First-Time Homebuyers: Keep It Fun

Hello Hampton Roads,

Today we have a special treat--guest blogger, Jim McKinleyJim McKinley, is providing this post on keeping the home buying process fun! Sage advice, indeed :)

                                                 Courtesyof Unsplash

Making a down-payment on your first home is one of the biggest single purchases of your life, right up there with a car and an engagement ring, but that’s where the fun – or the stress – really begins.

“The joys of homeownership” is a wry phrase knocked about for a reason: Anyone who has to balance a hefty mortgage on top of all his other responsibilities knows that when the HVAC dies or the basement needs waterproofing or the neighbor’s tree roots buckle your driveway, you may start recalibrating how much resentment you harbored against your old landlord.

Still, challenging as moving into your starter home can be, it can be equally joyous. Just be sure to live by some of these tips to stay sane, go easy on your pocketbook, and keep it all in perspective.


One of the best ways to cut down on your stress from the get-go is to come up with a budget before you dive in. How solidly does your income stack up against your bills? A rule of thumb is that your debt-to-income ratio shouldn’t exceed 36 percent. For example, if you make $100,000 per year, you shouldn’t be paying more than roughly $3,600 in debt expenses per month.

After you figured out your part in the equation, research the market. Look up loan types, compare mortgage rates and keep below your pre-approval limit. A sober assessment of your finances may sound dry, but it’ll make taking on a 30-year payment-plan far less intimidating.

However, if you’re having trouble securing a loan due to poor credit, you may need to take some time to repair it before moving forward. During this time, you can contact a credit repair company, which can help address any issues or problems with your credit report. However, it’s important to select a credit repair company that’s on the up and up, so do plenty of research through sites like Consumers Advocate to ensure you’re working with a reputable business.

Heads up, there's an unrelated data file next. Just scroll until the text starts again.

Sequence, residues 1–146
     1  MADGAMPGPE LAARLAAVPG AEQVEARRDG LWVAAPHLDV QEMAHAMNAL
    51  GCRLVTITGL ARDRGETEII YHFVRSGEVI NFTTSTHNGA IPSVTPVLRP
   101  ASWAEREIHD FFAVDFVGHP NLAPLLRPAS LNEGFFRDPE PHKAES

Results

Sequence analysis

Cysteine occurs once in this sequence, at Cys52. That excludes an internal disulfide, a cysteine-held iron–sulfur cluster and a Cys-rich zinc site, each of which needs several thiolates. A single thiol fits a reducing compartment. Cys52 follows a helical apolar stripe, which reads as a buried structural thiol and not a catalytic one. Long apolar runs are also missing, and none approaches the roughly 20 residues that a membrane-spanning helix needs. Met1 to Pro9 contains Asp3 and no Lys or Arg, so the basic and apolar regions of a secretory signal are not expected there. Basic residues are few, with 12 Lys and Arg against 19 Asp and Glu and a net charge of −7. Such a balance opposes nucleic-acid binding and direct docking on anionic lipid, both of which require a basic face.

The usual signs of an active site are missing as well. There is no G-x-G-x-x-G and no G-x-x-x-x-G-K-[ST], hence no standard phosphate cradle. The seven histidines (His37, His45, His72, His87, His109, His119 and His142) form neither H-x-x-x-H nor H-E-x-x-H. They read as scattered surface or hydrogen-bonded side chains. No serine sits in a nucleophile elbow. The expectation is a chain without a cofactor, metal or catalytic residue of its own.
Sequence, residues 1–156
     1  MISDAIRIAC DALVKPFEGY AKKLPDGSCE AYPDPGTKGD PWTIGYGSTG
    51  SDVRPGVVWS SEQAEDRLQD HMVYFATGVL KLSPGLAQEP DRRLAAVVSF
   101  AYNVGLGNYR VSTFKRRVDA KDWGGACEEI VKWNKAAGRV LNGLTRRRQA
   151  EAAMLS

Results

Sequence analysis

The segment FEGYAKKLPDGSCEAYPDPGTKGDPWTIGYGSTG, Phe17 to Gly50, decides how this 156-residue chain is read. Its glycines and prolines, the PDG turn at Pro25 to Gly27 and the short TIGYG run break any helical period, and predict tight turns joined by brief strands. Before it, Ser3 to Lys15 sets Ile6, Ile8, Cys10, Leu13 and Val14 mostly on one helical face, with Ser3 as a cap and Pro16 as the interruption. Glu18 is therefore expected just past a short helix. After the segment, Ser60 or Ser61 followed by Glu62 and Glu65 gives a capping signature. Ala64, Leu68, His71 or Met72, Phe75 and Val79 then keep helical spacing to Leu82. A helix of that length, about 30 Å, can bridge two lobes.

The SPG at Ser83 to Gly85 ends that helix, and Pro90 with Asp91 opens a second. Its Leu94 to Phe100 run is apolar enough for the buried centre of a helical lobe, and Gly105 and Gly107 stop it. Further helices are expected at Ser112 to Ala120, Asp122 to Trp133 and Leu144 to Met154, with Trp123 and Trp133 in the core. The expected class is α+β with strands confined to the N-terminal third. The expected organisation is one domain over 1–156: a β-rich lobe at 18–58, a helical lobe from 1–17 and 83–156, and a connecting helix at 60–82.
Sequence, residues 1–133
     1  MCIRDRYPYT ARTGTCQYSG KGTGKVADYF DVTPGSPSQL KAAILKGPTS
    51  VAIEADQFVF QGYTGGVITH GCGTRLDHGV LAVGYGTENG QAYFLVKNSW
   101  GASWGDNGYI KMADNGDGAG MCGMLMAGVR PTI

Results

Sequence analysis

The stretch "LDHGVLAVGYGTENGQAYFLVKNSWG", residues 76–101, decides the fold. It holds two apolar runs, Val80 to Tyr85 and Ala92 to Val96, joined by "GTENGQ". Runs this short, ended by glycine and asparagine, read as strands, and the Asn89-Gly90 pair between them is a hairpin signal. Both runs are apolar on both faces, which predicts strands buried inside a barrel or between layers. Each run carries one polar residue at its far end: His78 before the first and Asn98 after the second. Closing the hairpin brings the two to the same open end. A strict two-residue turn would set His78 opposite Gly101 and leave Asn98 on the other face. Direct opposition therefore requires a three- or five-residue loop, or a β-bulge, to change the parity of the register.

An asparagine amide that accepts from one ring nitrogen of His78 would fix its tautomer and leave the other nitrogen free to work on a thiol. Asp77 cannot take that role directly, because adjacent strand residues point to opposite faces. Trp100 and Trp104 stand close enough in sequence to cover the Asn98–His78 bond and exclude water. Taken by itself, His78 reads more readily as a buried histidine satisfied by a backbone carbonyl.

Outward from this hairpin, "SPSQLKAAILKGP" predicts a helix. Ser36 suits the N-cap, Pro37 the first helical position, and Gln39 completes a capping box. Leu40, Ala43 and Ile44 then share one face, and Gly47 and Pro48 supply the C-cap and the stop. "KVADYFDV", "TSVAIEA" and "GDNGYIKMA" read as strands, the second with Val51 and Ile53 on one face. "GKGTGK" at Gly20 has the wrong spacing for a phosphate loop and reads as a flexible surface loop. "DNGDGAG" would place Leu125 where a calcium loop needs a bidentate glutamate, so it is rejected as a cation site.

Pick What’s Right for You

“Price, location, amenities – pick two,” realtors often tell homebuyers. Or, depending on the market you’re looking at, "pick one" is more likely. Their point is that, for most people, a down-payment will only afford some – but not all – of what you want, so gird yourself for some compromising. That process of whittling down, though, can nudge you into discovering what you really want. Rather be near work or have a big yard? Ready to tackle a fixer-upper or willing to settle for new fixtures but no character? The options can multiply (and seem to lead nowhere), so go with your gut.

Whatever you choose, make sure you simply feel like you belong in the house you pick.


People frequently list moving among the most stressful life events that they go through, up there with illness, divorce, job loss, and, yes, death. But it doesn’t have to be dire, especially when you pace yourself. If you’re a first-time homebuyer, you probably haven’t amassed the mausoleum of furniture and appliances that people running households for years find themselves enclosed in, and you can save money by not hiring a moving company and, instead, asking friends or family for help. What’s in it for them? Never forget, pizza goes a long way in convincing people.

Make It Yours

First-time homebuyers often discover that adding their personal touch to their house gives them a sense of pride and grounds them in their new phase in life. Also, the checklist of DIY repairs under $100 can transform a space – installing floating shelves, converting a nook into an office, painting the porch ceiling sky blue for an airy effect. Add a few rocking chairs and potted ferns out there, and you’ve just created a space to lounge in the lilac air of your new neighborhood.

Saving up, hiring a realtor, scoping out houses, shelling out a down-payment, boxing up your whole life – moving into your first home can be daunting. But think of the reward: The raised vegetable garden off the back deck. A slant of light hitting the new hardwood on quiet mornings. Plumtree branches brushing against the bedroom windows. Your home is your spot of earth, and if you stay within your budget and be true to what you’re really looking for, the process of arriving there will have its challenges, but also its tantamount joys.

Thanks for Reading,


Serving your Hampton Roads and Virginia Beach Real Estate needs. Liz Schuyler on Google+


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